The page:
Human Rights

Human Rights"Where, after all, do universal human rights begin? In small places, close to home – so close and so small that they cannot be seen on any maps of the world. Yet they are the world of the individual person; the neighborhood he lives in; the school or college he attends; the factory, farm, or office where he works. Such are the places where every man, woman, and child seeks equal justice, equal opportunity, equal dignity without discrimination. Unless these rights have meaning there, they have little meaning anywhere. Without concerted citizen action to uphold them close to home, we shall look in vain for progress in the larger world."  -Eleanor Roosevelt in a speech to the United Nations, 1958.

In 1948, the world community united to articulate a set of basic rights and fundamental freedoms to which all persons are entitled. The Universal Declaration of Human Rights provides a framework for organizing services based on principles of nondiscrimination, respect, dignity, and fairness, and for engaging individuals as active participants in society. As Eleanor Roosevelt stated in her speech to the United Nations, human rights are meaningful only if the are protected in day-to-day life. For this reason, we are committed to advocating for the most marginalized, excluded, and discriminated against, and for creating environments and systems that are humane and respectful of individual dignity.

Persons with mental disabilities

Research on human rights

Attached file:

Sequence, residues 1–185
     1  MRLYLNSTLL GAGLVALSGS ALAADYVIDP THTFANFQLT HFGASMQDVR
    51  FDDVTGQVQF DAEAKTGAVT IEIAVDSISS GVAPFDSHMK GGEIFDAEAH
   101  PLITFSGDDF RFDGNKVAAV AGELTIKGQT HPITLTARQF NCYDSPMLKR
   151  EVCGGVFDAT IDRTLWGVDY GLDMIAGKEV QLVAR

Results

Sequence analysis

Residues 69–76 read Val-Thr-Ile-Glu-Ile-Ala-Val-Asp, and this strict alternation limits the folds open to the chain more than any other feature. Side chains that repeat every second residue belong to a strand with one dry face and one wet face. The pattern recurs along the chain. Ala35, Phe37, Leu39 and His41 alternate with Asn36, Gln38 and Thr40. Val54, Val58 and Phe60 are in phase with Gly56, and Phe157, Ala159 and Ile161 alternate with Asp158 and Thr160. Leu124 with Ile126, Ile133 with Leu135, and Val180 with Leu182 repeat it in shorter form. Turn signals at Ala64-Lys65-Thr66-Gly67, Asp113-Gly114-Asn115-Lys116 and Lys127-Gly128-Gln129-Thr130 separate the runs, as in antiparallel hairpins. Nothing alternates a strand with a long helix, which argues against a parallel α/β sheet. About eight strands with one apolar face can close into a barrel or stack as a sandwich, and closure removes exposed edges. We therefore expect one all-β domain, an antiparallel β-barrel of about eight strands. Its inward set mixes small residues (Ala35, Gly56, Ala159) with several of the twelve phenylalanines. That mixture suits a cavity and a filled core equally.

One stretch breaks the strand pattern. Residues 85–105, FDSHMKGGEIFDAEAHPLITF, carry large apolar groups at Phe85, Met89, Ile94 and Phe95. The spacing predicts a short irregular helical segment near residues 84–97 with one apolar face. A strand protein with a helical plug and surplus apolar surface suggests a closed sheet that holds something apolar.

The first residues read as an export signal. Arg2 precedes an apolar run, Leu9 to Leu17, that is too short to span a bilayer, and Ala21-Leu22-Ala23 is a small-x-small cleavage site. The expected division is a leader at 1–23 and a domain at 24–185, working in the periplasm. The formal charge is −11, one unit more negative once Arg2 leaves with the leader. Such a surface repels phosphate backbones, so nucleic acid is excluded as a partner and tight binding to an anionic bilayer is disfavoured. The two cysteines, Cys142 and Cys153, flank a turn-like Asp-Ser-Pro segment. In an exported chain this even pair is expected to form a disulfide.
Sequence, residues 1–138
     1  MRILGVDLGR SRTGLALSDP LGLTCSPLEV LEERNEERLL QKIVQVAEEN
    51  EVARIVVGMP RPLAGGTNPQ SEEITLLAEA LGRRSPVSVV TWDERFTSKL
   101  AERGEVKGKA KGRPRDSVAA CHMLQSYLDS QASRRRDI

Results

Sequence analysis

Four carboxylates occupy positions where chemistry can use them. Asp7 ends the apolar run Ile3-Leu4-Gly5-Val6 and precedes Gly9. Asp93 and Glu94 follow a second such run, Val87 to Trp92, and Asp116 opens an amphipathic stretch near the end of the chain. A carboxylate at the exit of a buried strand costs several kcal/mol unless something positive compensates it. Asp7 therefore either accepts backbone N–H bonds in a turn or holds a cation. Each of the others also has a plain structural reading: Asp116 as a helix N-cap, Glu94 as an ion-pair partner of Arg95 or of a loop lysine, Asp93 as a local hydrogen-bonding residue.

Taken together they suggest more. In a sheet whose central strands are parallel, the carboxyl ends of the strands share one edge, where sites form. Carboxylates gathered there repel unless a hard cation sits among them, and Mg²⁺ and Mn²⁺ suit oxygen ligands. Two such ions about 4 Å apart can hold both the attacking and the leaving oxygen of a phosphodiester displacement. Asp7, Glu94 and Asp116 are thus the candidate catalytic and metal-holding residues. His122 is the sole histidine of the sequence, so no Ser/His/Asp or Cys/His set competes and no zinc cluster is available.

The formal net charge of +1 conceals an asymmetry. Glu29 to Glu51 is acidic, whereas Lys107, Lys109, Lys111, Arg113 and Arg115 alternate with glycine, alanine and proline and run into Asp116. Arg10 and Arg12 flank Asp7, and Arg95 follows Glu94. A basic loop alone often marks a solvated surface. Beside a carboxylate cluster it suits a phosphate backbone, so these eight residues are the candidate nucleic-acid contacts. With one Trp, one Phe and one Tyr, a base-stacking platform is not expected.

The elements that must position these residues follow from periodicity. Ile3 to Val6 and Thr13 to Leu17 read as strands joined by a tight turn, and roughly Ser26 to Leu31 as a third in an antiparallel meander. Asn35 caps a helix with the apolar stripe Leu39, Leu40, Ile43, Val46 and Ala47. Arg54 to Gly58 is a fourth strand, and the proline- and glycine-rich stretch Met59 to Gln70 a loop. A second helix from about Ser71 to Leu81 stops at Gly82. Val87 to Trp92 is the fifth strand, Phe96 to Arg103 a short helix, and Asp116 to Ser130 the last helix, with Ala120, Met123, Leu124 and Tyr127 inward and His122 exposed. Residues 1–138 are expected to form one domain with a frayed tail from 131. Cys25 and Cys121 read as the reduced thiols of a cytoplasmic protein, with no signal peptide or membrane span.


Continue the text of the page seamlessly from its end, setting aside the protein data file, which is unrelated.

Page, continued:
In January 2017, the United Nations Commissioner for Human Rights released a report summarizing major challenges faced by consumers of mental health services, individuals with mental health conditions, and persons with psychosocial disabilities. These include stigma and discrimination, violations of economic, social and other rights, and the denial of autonomy and legal capacity. The report follows a resolution in 2016 of the Human Rights Council calling for the recognition of the rights of people with a broad spectrum of mental health disorders (e.g., depression and alcoholism) and illness (e.g., schizophrenia and bipolar disorder).  

Mental health in the global community has been a long-neglected problem – so much so that, in June 2017, the Special Rapporteur on the right to health, Dainius Puras, called for nothing short of a "revolution in mental health care to end decades of neglect, abuse and violence."  Puras urged governments and psychiatrists around the world to "act with courage to reform a crisis-hit system built on outdated attitudes."

Want to learn more?

What can you do?

  • Actively work to change attitudes, raise awareness and reduce stigma. 
  • Use social media to promote human rights. Try using hashtags such as #standup4humanrights and #humanrights. 
  • Donate to or help raise money for an organization that seeks to promote human rights.